Chapter I - Piratae

© Copyright Vittorio Carvelli 2016
Marcus and his parents are sailing from Athens to Brundisium - but they never get there as intended.
Their ship is attacked by pirates.
Marcus, however, does arrive in Brundisium - alone - but by then he is known as Markos - and is a Greek slave


© Copyright Vittorio Carvelli 2016
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Cilician pirates dominated the Mediterranean Sea from the 2nd century BC until their partial suppression by Pompey in 67-66 BC.

Although there were notorious pirate strongholds in Cilicia, 'Cilician' had long been a generic term for pirates.
With the destruction of Ancient Carthage, the demise of the Seleucid Empire, and Ptolemaic Egypt on the wane, there was no strong naval power left in the Mediterranean. 
Rome was the only major Mediterranean power left, but by this time her navy was reduced and Rome relied on hiring ships as necessity required.
Rome only protected the Tyrrhenian and Adriatic seas, on account of their proximity, with expeditions sent against the pirate bases on the Ligurian and Illyrian coast.
The Balearic Isles were cleared in 120 BC for the same purpose.
As a result, the pirates became consolidated and organized.
The smaller communities of the Greek and African waters were left to make their own arrangements. Communities unable to fend off the pirate incursions were forced to come to an understanding with the pirates, and thus became havens.
Crete at this time was still an independent Greek territory.
Civil wars had devastated the land, and much of the population turned to piracy.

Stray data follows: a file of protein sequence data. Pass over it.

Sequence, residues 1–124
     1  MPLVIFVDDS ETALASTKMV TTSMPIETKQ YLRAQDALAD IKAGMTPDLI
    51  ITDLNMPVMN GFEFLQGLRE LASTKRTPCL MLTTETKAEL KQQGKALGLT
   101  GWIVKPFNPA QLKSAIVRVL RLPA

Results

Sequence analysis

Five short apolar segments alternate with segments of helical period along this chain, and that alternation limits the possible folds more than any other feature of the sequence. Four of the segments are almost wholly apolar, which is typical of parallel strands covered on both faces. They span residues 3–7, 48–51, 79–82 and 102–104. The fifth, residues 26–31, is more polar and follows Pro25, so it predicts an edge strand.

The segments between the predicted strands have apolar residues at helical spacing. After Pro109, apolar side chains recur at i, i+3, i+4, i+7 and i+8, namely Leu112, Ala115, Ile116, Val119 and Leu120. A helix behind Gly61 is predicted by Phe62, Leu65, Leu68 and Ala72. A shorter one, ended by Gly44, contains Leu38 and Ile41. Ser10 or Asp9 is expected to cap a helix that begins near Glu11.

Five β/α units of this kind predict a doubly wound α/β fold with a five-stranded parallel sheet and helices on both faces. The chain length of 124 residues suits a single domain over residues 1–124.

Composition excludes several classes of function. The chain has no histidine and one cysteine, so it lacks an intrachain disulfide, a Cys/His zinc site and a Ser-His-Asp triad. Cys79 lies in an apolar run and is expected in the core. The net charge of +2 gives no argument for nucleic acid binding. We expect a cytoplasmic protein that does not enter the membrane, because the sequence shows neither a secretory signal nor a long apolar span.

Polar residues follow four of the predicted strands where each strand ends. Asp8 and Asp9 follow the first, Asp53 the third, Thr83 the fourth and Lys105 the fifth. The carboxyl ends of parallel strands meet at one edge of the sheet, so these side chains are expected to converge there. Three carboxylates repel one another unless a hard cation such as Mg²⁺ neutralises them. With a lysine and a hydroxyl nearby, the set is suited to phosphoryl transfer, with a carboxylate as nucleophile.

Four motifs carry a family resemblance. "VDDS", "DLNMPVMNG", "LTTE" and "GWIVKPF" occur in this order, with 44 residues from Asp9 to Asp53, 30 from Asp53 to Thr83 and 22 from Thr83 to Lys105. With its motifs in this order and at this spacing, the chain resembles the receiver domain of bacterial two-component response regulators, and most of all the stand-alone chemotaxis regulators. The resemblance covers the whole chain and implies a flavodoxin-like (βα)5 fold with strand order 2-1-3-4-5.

Crete became a major haven for piracy, with its strategic position in the midst of the Mediterranean and because it did not fall under the control of any of the Mediterranean empires.
Cilicia was the other major pirate refuge.
Like Crete, Cilicia enjoyed excellent natural harbors which geography rendered easily defensible.
The Seleucids were too weak to suppress them, and Diodotus Tryphon, king of the Seleucid Empire from 142-138 BC, actually supported them, in order to strengthen his position.
Around 140 BC, Rome sent Scipio Aemilianus to assess the situation.
He reported that the governments of the region were too weak or unwilling to settle the issue.
Rome at this time was unwilling to spend the effort needed to reduce the Cilician pirates, perhaps because of the benefits piracy afforded the Romans.
Consequently, the pirates remained the only considerable naval power in the Eastern Mediterranean.
They eventually had bases all throughout the Mediterranean.
The main trade of the pirates was slavery, and it was Roman merchants bought the most slaves. Roman land owners held large plantations worked by slaves, and in particular Sicily was notorious for its slave plantations owned by Romans.
At its heyday, a 100,000 slaves passed through its markets in a single day.
By the 1st century BC, what began as a nuisance became a plague on the Mediterranean commerce.
The Cilician pirates roamed across the entire Mediterranean, and began to attack the towns of Italy itself - in fact, even Ostia, the port of the city of Rome was plundered.
Eventually, Rome took action.
Pompey Magnus
In 75 BC, P. Servilius Isauricus led a campaign over land against the pirate bases in Cilicia and against their allies the Isauri, but this was only a temporary relief.
Finally, after heated debate, Pompey was granted extraordinary powers to eliminate the Cilician pirates.
Pompey divided the Mediterranean into thirteen districts, to each of which he assigned a fleet, and a commander.
Pompey then swept through the western Mediterranean with his own powerful fleet, driving the pirates out or into the paths of his other commanders.